5 Minutes With Olivier Polge

The famed French nose talks about perfume's power of attraction


Perfumer Olivier Polge is a native of Grasse, the fragrance capital of France (if not the world) and has used his nose to build dozens of scents, including the Viktor & Rolf blockbuster Flowerbomb and Balenciaga Paris, the debut scent of the French fashion house. Polge’s most recent effort, Balenciaga L’Essence, from $110, is a greener, more herbal take on the original violet leaf scent. (We also love the L’Essence candle, which for $75, will make your house smell cool and French.) We spoke with him about about perfume’s power of attraction.

Are there certain fragrances that have been proven to attract the opposite sex?
“The answer is a little complicated, for the very good reason that I think that, more than any other artifice, perfume’s resonance depends on its wearer. It happens that a beautiful perfume can be worn badly. It’s about finding the magic balance. Also, I think that among the five senses, the olfactory one is the most animal – and therefore essential – for recognition and attraction. I think what the odours are is different to everyone.”

Are there specific notes that are known to attract? “It’s hard to say that one essence has something more than another. As I was saying earlier, perfumes and body odours are essential to attraction. It’s about alchemy – smells have different effects on different people.”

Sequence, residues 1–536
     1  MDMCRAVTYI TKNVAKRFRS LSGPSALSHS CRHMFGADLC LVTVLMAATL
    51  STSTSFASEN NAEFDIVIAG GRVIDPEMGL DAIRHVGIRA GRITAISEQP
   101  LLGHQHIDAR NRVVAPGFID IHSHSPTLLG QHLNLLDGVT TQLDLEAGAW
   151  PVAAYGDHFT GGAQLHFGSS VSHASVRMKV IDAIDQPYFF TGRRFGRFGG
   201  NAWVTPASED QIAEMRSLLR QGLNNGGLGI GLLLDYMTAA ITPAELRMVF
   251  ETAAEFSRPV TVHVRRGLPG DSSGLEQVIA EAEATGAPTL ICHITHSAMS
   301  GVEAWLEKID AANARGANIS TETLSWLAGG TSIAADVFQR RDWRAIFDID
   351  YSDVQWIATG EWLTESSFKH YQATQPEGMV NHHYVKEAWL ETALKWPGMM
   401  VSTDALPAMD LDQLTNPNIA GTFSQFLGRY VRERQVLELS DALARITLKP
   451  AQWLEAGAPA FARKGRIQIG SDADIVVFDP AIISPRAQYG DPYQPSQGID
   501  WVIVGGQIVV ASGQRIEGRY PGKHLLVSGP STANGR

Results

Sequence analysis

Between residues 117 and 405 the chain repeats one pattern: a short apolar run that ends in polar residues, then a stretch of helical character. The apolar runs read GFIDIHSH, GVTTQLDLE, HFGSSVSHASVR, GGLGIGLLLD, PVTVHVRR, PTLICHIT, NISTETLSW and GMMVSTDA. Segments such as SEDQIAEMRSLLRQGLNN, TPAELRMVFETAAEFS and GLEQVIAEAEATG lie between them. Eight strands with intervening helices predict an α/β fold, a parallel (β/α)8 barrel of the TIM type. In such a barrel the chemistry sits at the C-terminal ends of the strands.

Does using a fragrance make someone behave differently ­and perhaps more alluring to the opposite sex? “What I love about perfumes is that often they address something in us that is subconscious. People react to fragrance instinctively, and I think that for that reason the effect is even greater. I can tell for example the fragrances I love – I love notes that are woody, spicy and rather dry.”

Do you have any tips on finding a signature fragrance? “Personally, I think it’s a matter of being constant, not changing too much. A good perfume is not something you come across every day. When people ask you what you’re wearing, or they recognize you in a certain scent, that’s a good sign. It’s highly subjective.”